Session Type: ACR Poster Session B
Session Time: 9:00AM-11:00AM
Background/Purpose: Gene expression studies support a pivotal role for type I interferon (IFN) in SLE. Previous work using a modular repertoire analysis based on co-clustered gene sets, has demonstrated that the SLE IFN signature is not restricted to a type I IFN signature, but involves the gradual activation of 3 distinct IFN modules (M1.2, M3.4 and M5.12) driven by various IFN types. The aim of this study was to refine and discover novel modular interactions in adult SLE patients.
Methods: Consecutive SLE patients fulfilling the ACR criteria were enrolled (n=157 samples). Disease activity (DA) was measured according to the SELENA-SLEDAI score. Microarray data were generated using Illumina beadchips. Modular repertoire analyses were performed using the second generation of a blood modular framework comprising 260 modules. Modules with 20% transcripts differentially expressed compared to healthy matched controls were considered active. A novel graph theoretic approach, previously applied to the analysis of somatic evolution in cancer (unpublished), was used to generate an ordered, branching progression model of modular activation in which upstream module activity predisposes the activation of downstream modules. An SLE-specific graph based on module activation in our dataset was built in order to generate hypotheses regarding disease progression in SLE. Trajectories of a focused subgraph were enumerated and samples were clustered to their most likely trajectory group. Significance to clinical characteristics was evaluated using Fisher’s exact test and ANOVA, for categorical and continuous characteristics, respectively.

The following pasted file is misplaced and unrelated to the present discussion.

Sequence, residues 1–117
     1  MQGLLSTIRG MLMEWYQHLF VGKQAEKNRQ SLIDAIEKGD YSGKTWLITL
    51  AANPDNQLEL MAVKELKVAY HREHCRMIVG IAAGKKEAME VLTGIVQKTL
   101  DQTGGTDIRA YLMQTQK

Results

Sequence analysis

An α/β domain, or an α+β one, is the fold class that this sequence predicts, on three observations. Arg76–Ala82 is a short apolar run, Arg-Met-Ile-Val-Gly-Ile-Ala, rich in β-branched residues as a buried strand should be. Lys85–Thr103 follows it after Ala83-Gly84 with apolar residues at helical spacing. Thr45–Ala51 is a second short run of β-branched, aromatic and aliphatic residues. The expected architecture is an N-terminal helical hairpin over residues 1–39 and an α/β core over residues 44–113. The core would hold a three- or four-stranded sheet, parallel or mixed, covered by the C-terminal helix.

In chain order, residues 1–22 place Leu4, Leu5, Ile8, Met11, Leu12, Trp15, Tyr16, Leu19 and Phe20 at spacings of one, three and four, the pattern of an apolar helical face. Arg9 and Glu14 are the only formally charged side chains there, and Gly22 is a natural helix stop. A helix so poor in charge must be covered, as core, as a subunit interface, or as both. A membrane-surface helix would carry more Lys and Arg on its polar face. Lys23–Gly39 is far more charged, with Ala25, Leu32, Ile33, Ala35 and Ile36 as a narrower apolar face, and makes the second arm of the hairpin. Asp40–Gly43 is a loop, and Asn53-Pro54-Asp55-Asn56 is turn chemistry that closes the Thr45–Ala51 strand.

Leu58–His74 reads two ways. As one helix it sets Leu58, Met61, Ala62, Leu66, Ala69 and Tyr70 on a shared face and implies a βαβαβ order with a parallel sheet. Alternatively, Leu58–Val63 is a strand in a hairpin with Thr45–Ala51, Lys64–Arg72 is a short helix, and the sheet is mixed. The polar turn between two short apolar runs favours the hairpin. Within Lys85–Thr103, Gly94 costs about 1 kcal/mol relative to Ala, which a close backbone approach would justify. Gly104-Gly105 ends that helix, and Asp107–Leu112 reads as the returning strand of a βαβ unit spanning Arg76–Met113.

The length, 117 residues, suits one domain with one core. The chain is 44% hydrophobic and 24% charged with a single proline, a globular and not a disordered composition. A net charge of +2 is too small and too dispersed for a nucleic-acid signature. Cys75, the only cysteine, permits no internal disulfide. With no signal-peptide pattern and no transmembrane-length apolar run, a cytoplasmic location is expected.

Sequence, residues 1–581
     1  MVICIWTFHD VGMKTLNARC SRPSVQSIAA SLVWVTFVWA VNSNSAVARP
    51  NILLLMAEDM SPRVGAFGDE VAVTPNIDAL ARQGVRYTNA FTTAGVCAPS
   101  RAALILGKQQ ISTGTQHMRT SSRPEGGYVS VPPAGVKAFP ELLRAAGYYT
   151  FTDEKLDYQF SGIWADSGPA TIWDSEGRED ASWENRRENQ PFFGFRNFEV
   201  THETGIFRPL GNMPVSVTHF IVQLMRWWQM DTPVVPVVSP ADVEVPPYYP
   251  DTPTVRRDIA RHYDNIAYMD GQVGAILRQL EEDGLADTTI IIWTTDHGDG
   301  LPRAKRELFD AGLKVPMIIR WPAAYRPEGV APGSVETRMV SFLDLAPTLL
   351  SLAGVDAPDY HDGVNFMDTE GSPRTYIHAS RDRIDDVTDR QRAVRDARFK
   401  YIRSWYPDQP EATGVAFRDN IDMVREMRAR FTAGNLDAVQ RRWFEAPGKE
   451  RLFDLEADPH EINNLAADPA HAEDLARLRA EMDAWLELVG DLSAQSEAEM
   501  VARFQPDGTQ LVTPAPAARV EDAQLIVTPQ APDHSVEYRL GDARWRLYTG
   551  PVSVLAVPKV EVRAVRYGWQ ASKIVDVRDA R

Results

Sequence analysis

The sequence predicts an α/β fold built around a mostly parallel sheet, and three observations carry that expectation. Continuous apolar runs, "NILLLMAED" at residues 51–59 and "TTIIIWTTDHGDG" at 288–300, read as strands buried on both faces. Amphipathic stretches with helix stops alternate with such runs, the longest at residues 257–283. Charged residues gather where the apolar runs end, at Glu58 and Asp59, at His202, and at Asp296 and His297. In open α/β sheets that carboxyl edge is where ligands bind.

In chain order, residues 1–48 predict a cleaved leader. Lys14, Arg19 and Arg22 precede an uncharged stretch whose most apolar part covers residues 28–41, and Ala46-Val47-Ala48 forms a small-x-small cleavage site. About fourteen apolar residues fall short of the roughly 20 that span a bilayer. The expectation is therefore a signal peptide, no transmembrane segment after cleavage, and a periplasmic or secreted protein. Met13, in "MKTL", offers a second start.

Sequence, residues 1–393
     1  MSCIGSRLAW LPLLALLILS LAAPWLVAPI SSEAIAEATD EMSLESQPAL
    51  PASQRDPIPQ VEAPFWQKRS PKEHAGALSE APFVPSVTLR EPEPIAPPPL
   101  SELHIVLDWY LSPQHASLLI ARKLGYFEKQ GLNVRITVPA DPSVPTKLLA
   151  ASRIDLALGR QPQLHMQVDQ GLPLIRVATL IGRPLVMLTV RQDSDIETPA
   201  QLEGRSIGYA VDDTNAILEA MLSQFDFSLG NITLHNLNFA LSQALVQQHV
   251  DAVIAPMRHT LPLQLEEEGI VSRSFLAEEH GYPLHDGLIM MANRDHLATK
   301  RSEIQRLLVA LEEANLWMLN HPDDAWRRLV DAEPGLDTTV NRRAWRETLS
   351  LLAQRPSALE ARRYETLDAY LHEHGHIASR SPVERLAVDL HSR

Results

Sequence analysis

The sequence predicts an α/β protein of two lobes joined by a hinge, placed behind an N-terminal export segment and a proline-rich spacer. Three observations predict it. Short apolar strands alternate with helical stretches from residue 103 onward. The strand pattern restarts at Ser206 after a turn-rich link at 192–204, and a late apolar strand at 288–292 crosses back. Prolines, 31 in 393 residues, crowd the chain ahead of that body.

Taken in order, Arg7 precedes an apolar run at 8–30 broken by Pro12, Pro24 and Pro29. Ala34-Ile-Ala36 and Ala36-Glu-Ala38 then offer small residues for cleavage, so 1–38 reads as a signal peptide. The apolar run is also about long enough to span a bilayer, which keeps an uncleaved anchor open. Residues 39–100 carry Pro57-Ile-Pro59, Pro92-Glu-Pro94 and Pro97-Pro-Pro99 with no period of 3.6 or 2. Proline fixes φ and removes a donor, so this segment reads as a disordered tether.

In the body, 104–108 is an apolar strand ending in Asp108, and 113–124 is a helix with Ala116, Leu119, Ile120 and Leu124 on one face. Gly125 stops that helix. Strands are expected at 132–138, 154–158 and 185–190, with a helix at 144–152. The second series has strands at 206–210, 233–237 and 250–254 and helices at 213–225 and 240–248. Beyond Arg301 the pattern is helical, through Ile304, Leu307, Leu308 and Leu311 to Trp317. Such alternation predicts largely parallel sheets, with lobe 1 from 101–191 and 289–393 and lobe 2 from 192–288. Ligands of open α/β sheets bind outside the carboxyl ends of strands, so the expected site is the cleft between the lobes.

Results: The graph theoretic analysis revealed two distinct patterns involving IFN and neutrophil related modules. Both patterns involved the upregulation of M1.2 followed by M3.4. At this point, the patterns split into the activation of either M5.12 or the M5.15 neutrophil module. Along the shared trajectory, we observed a monotonic increase in DA, dsDNA titers, and corticosteroid dosage. The subjects on the neutrophil (M5.15) trajectory had a marked increase in DA and corticosteroid dosage, although dsDNA levels were unchanged. Moreover, the neutrophil trajectory also had a larger (p=0.04) enrichment for renal involvement (80%) than the M5.12 IFN trajectory (40%).
Conclusion: Our analysis revealed a refinement within the hierarchical structure of the peripheral blood IFN modules previously described. Two subgroups, defined by progression along disjoint paths bolstered by their association to overall DA, active nephritis, dsDNA levels, and corticosteroid dosage, are identified. This suggests a dual mode of disease progression in SLE, with either the completion of IFN signature (to include IFNγ) or the activation of neutrophil path associated with renal involvement.
To cite this abstract in AMA style:Korsunski I, Jourde-Chiche N, Gregersen PK, Chaussabel D, Chiche L, Maria NI. A Novel Graph Theoretic Approach Applied to Modular Repertoire Analysis Identifies a Dual Molecular Progression in Adult SLE Patients, with Distinct Interferon and Neutrophil Transcription Patterns [abstract]. Arthritis Rheumatol. 2016; 68 (suppl 10). https://acrabstracts.org/abstract/a-novel-graph-theoretic-approach-applied-to-modular-repertoire-analysis-identifies-a-dual-molecular-progression-in-adult-sle-patients-with-distinct-interferon-and-neutrophil-transcription-patterns/. Accessed October 15, 2021.
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